However, he has already indicated that he “will apply a legal charge on the land at the time of rezoning which requires the payment of a land contribution or will require the contribution at the time of the sale of the land or of a request for subdivision development. , whichever comes first. ”

A spokesperson for the Ministry of Planning, Industry and Environment said the system would not impact farmers until land use changed.

“Although the royalty is applied at the time of rezoning, it is only payable on the sale or development of the land,” said the spokesperson.

“There are no annual advance payments.”

Although NSW’s proposal is also under consultation, it appears that boards will be allowed to change the way the infrastructure contribution is applied.

“Boards will have more choice and control over how they charge for these contributions,” the department spokesperson said.

“They can either impose a general development tax at one to three percent of the cost of construction, or a detailed contribution plan based on the specific infrastructure needed that determines the rate to be paid.”

VFF left in the dark

Victorian Farmers Federation president Emma Germano said the state’s farmer lobby has largely remained in the dark about windfall tax.

“We immediately requested a briefing and got some rough notes on it, but no decent consultation,” she said.

“We certainly haven’t seen any paper or anything to say ‘this is what we think’ or been asked about the implications.”

Ms Germano said rising interest costs, coupled with rising municipal rates, could be crippling for farmers.

“The unintended consequences of this tax could mean that farmers are forced off their land and we are losing prime farmland,” she said.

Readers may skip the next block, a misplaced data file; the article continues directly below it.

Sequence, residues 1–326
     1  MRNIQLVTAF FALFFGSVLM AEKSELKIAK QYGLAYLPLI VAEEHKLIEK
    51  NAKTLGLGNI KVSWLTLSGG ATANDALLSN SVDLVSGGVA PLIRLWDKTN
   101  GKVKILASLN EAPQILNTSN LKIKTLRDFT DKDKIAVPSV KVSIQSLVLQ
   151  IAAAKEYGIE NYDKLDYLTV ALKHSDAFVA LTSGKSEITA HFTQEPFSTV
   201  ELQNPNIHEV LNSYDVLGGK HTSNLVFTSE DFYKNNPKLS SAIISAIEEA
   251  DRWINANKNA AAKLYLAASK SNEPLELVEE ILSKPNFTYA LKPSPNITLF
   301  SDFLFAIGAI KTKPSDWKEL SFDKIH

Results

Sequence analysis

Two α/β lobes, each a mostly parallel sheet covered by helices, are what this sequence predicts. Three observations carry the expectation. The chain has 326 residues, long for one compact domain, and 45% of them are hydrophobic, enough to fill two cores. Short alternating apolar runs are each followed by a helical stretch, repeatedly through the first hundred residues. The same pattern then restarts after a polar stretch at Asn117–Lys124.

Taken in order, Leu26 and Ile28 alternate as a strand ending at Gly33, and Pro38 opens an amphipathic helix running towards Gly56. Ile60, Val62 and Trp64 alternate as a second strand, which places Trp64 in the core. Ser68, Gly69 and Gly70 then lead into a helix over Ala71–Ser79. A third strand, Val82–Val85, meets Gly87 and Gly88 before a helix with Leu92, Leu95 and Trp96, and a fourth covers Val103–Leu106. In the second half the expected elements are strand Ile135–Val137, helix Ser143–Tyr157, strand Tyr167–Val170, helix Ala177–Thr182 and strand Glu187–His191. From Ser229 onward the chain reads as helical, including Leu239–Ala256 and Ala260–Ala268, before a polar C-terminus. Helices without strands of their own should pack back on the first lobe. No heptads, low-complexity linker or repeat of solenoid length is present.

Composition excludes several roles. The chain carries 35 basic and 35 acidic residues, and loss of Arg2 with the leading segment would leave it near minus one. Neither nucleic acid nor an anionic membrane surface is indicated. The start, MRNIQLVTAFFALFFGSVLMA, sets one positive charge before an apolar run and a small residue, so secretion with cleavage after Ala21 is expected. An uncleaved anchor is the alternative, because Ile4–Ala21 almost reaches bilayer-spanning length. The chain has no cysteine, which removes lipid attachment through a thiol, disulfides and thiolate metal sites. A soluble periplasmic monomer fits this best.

“On the other hand, it could be that, where we want to open up development zones, the increase in the tax will make it impossible.

“None of the consequences have been thought through.”

Farmers in New South Wales

NSW Farmers President James Jackson is not opposed to the concept of contributing to infrastructure.

“I think the idea of ​​leveraging windfall gains from dezoning or infrastructure development to help pay for infrastructure is a reasonably modern way to fund some of these infrastructure projects that we need,” Mr. Jackson.

“The principle that all beneficiaries should participate is probably sound.”

But to gain the support of the farmers’ lobby, the system will need to be free from unintended consequences for farmers near regional cultivation centers.

“If the intention is just to help pay for critical infrastructure, there is probably merit,” Jackson said, “but if the intention is to tax people who have a block on the outskirts of the city ​​and the substantial change in the value of those properties is not tied to a specific piece of infrastructure, I probably wouldn’t agree with that, ”Jackson said.

“The devil is in the detail of the exact extent of the tax.”

The Story Massive zoning tax shocks first appeared on Farm Online.